December 2010 Archives

Wrong Kind Of Snow Or Wrong Kind Of Web Browser?

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Prior to leaving Andorra on yet more travels (timing!) 10 days ago, had a very interesting ex-pats discussion in El Moli in Andorra over the difference between the snow in Andorra and the UK. We reckon it's all down to the snow quality - in the UK it goes slushy, then slush turns to ice, turns to black ice. In Andorra it's fluffy and then hard, but hard snow, not ice...

Anyway - I digress. Working onsite this week in London (never seen it quieter - lovely...) with AppDNA wot develops software that advises on compatibility between different OSs and browsers for your apps etc. They are currently running a beta test program for their IE8 compatibility app and I'm pre-testing the product, concept, everything basically. So, if you're interested keep checking this blog and talk to me about your own experiences.

I'm starting with our own website - basically it's designed for any web apps, not simply websites but it's a nice starting point. Currently capturing data for analysis, will let you know what it makes of www.broadband-testing.co.uk - update soon and more on this over the next 48 hours; just 72 compatibility checking hours til Christmas...

How To Beat The Snow: Brussels To Andorra In 30 Milliseconds

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London to Brussels to Andorra in under 30ms - not bad eh?

Even the Bugatti Veyron can't achieve that (though with permanent four-wheel drive you'd think it would be ideal for British winter conditions, yet you barely ever see one, strange!) but... Vidyo can.

I first saw these guys' vid conf technology almost two winters ago at a Netevents and was impressed then with the "before and after" application of Vidyo tech, but yesterday we did a full three/then four-way vid conf call, sound and all, plus presentations, using the Vidyo tech and it has a) moved on some and b) is more relevant than ever. We're talking HD image, supporting four different resolutions on four different client platforms/screens (software download only for the clients), different 'net feeds at each site, but with sync'd sound and almost zero glitches in 40 mins of conferencing for all of us.

Not bad, eh? It's alll about that low, low latency, don't you know. Even better - Eric (no, not my dad!) of Vidyo in Brussels, hooked up an additional client, iPad type device, and then showed me the image on that (conferenced in) via his other clients' webcam, and the image on the pad was HD clear and in sync too - nice test.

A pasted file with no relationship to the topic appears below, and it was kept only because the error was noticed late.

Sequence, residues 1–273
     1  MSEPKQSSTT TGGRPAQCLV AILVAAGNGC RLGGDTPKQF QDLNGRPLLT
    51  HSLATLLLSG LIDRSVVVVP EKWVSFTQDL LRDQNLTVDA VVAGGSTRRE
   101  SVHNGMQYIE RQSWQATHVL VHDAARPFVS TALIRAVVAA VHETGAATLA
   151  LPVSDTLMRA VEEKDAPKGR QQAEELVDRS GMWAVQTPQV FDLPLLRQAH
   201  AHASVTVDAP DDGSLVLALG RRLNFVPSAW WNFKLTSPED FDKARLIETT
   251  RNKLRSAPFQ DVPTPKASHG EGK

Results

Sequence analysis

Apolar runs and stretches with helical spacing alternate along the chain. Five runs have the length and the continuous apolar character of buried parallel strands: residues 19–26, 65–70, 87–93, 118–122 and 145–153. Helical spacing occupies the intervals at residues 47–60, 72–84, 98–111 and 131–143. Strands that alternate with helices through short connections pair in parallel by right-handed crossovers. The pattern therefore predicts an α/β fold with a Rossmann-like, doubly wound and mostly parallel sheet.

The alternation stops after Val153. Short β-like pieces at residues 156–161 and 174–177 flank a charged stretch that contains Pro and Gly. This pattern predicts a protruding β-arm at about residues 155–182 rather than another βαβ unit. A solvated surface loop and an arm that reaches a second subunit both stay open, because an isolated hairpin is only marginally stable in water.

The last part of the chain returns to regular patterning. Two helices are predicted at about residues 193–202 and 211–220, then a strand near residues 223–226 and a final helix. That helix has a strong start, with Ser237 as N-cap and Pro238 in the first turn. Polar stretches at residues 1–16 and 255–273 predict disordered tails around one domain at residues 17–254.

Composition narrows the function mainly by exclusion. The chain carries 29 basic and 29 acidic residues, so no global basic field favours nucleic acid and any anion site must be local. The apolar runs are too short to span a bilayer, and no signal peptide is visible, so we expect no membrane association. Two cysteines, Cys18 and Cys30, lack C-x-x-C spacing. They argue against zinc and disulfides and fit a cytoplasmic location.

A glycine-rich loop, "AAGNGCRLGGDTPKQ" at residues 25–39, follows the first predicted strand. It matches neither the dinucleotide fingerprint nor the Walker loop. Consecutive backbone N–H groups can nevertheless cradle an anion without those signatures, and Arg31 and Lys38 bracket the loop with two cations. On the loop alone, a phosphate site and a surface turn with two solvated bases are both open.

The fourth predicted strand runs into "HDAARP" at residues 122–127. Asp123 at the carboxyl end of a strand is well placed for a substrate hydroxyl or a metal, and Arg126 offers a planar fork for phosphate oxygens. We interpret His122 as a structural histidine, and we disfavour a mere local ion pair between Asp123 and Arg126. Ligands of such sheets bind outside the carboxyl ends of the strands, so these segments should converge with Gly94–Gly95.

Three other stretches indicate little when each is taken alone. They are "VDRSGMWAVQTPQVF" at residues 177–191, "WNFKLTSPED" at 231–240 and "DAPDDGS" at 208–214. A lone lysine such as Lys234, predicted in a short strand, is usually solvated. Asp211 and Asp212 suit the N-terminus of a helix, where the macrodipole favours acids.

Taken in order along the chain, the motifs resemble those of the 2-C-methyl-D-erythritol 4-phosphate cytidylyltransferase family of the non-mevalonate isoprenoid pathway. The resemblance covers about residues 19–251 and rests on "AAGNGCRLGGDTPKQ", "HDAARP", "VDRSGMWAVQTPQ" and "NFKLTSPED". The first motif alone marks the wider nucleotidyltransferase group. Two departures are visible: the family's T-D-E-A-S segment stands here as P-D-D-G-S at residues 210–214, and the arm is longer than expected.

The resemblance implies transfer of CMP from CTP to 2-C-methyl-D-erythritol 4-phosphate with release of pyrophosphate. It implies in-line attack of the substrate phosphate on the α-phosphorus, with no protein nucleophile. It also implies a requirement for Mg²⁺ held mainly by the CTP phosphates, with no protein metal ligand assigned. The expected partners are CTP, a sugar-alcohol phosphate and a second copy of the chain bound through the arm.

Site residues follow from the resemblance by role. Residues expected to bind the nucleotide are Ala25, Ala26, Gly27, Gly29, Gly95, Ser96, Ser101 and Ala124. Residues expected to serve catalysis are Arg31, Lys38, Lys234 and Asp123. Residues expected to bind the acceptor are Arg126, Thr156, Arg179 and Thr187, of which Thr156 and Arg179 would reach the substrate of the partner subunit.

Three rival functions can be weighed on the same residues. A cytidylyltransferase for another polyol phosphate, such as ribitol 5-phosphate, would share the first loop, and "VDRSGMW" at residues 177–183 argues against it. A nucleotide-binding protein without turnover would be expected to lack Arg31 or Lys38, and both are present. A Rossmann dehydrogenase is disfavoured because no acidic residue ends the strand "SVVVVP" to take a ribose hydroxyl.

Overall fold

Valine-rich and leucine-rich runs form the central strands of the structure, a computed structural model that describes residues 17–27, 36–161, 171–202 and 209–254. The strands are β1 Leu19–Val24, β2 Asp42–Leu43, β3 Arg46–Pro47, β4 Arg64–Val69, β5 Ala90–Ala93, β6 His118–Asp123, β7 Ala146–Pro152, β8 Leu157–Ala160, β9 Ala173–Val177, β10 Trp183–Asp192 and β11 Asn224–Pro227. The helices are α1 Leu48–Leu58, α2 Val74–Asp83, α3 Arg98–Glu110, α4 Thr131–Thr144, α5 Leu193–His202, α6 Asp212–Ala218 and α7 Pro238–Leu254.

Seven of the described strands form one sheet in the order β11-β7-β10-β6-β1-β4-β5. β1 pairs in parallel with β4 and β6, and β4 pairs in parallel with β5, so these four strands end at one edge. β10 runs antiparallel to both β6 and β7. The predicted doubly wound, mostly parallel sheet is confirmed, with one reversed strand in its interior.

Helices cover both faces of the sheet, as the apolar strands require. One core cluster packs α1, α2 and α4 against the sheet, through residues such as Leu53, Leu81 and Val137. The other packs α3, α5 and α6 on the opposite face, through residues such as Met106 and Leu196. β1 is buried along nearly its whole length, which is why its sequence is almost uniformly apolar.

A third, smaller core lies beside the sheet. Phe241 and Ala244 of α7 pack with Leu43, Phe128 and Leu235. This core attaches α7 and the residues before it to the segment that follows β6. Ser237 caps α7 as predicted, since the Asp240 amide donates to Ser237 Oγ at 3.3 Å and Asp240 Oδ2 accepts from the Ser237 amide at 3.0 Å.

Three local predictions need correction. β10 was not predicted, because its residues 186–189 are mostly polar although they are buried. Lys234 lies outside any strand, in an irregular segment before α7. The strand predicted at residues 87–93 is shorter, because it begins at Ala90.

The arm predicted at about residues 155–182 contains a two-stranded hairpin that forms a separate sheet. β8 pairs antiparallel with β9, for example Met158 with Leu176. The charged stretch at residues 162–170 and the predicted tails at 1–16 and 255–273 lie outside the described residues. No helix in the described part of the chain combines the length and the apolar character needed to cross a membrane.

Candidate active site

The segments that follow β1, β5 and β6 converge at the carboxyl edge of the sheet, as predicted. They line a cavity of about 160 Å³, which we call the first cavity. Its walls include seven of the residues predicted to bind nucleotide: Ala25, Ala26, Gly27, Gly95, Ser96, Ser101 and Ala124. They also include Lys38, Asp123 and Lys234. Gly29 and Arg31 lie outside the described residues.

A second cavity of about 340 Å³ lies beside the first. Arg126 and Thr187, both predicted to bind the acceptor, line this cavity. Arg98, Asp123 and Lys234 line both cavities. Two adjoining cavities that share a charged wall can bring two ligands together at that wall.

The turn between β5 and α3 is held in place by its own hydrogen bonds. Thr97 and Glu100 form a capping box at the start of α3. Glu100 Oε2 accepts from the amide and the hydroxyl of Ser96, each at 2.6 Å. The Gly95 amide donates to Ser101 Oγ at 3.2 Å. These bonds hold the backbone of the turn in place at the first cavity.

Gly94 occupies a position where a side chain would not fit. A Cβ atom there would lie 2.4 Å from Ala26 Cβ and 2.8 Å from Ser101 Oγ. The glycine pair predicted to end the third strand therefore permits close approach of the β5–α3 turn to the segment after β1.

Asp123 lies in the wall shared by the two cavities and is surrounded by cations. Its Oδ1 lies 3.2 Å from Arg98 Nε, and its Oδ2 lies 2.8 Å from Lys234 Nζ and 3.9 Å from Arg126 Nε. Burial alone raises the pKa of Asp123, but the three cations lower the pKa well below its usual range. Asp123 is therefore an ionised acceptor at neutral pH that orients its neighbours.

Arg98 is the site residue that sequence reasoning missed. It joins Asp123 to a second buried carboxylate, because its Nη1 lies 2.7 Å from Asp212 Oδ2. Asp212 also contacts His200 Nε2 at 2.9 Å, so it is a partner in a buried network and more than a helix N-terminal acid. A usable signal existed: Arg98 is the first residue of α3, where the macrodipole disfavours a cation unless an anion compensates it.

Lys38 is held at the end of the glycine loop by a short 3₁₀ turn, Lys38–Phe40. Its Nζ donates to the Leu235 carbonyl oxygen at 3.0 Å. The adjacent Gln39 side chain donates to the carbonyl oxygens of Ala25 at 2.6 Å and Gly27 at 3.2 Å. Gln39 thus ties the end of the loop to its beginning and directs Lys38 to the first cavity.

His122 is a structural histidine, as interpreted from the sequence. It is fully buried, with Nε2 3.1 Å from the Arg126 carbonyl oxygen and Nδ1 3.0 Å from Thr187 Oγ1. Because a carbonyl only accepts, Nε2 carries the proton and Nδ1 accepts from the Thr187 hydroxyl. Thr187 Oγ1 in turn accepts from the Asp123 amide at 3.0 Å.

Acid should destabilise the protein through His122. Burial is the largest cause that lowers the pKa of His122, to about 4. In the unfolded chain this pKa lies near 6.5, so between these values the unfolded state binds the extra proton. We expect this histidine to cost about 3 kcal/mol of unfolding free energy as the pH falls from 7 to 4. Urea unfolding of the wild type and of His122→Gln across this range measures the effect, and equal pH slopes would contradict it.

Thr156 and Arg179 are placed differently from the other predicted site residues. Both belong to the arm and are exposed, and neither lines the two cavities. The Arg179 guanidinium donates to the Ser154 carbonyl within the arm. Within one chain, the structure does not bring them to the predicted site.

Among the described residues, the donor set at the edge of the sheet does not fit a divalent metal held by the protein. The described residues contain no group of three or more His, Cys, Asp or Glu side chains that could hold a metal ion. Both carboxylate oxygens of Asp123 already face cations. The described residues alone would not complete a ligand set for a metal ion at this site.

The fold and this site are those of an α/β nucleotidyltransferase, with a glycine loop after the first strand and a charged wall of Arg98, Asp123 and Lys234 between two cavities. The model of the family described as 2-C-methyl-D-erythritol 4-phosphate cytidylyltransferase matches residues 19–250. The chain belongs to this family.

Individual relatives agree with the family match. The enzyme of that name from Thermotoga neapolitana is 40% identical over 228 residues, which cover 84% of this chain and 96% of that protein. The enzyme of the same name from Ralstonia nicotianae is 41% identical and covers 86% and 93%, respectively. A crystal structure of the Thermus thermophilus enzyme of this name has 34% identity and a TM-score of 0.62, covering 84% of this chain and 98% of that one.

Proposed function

Anyway, we're looking to get a proper, full-on test of the Vidyo tech done in the new year - it is good... very much like the guys at aforementioned (in CW and this blog) Voipex take VoIP and go way beyond what standard WAN acceleration/optimisation tech can do with it, so Vidyo does with, er, video... maybe there's a clue in both of those names?

Heading to "ash-pay" next week (HP France) to check out its Converged Infrastructure solution, then onto London to App-DNA to tests its OS/Browser migration/compatibility analysis software, with daily blogs, so watcheth this space.

More Christwas wine tips coming too (of course). Priorities, priorities... Interested to hear from anyone who managed to buy one of Heston's "special" christmas puds that sold out in hours in Waitrose, despite being a gazillion quid each... I can recommend a wine for that too, so long as I get to share the pud.



When Technology Goes T**s Up!

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Quickie from Andorra - keeping you abreast of the chicken acquisitions in this part of el mondo.

So what's this got to do with IT? Simply, that, whereas there was once a manual over-ride option, nowadays there seems to be none. Here we are talking retail - supermarket, buying a chicken. A chicken, I should add, that had a price sticker on it, as well as a bar code.

Yes, it had only recently been put on the shelves (sometimes the smaller Andorran supermarkets are a bit like Eastern Europe once was. Stuff appears randomly and you buy it when you can; if my old biz partner and mate Bob Walder reads this he'll guess I'm talking about "Compra Be") but they have had a computerised system in place since before I started shopping there four years ago, so you assumed it was "in the system".